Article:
are characterized by tissue damage and loss of function due to an immune response that is directed against specific organs.
Emerging research shows that most autoimmune conditions may share a common root hiding in the intestinal lining of individuals with autoimmune diseases; a major task of the intestine is to form a defensive barrier to prevent absorption into the bloodstream of damaging substances such as germs, toxins or other large molecules. This protective function of the intestinal mucosa is called permeability. The wall of the intestine is considered a semipermeable. This means the pores only allow certain things to enter the bloodstream and block other things.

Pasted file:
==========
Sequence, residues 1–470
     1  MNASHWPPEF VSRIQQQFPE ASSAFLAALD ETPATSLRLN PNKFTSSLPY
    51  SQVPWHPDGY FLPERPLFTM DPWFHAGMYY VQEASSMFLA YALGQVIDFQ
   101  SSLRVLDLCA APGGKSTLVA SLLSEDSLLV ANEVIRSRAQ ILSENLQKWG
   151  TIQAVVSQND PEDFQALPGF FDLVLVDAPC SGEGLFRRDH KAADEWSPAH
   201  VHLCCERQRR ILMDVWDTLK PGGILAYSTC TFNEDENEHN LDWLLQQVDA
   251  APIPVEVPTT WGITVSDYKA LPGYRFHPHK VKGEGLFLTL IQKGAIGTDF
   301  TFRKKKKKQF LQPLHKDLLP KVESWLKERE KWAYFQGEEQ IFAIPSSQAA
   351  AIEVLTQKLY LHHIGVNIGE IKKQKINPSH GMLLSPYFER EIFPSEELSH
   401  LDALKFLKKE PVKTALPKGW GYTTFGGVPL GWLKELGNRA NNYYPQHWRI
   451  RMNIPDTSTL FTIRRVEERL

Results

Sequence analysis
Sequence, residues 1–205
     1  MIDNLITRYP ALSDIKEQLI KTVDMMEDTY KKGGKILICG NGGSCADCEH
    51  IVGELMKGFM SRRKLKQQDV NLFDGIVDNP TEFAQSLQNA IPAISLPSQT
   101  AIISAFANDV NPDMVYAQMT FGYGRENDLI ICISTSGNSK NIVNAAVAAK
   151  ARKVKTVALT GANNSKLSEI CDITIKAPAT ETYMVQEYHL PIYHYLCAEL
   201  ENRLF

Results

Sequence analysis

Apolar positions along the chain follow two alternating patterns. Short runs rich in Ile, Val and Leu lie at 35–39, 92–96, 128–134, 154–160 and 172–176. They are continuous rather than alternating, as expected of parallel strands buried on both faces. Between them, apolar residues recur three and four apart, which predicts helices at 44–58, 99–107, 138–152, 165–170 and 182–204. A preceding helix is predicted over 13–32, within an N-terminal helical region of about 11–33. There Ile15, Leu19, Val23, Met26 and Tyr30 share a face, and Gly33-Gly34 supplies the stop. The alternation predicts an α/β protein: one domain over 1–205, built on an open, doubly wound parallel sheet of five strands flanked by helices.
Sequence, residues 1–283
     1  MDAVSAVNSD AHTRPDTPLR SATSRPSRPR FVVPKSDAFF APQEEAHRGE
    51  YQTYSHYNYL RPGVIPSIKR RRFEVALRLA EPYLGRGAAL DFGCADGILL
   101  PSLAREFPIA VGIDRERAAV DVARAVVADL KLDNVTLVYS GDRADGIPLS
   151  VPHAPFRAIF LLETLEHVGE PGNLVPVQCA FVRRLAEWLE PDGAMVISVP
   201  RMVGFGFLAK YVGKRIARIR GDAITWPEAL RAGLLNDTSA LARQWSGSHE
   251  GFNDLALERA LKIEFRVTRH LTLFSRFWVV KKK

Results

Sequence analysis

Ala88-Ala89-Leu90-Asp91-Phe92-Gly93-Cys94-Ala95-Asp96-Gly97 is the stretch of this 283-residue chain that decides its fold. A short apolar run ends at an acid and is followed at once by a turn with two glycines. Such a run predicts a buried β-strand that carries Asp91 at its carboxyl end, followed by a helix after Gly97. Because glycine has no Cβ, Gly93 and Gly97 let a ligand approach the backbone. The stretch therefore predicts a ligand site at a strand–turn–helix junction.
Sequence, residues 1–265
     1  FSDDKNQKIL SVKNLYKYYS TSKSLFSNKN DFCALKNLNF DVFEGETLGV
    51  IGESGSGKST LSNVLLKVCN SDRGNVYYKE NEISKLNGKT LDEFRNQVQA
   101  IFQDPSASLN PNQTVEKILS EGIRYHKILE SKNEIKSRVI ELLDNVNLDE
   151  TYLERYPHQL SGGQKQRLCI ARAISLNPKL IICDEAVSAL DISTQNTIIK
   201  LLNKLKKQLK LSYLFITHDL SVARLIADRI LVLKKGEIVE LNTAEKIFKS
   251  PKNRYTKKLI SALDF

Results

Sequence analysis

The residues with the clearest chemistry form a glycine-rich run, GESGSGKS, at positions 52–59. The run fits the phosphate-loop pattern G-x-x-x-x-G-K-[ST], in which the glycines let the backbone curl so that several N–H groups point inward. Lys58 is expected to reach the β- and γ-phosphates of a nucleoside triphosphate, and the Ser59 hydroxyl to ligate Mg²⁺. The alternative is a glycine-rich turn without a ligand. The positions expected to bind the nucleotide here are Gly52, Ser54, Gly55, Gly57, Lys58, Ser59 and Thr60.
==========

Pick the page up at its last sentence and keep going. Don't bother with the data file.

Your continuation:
Leaky gut syndrome is a proposed condition some health practitioners claim is the cause of a wide range of long-term conditions including Hashimoto's thyroiditis, chronic fatigue syndrome and multiple sclerosis.
When someone has leaky gut (increased intestinal permeability) proteins like gluten, bad bacteria, undigested foods particles and toxic waste are allowed make their way into the bloodstream causing an immune reaction.
Many things have been shown to increase intestinal permeability including gastrointestinal infections, medications such as aspirin or ibuprofen, liver disease, pancreatitis, inflammatory bowel disease and celiac disease.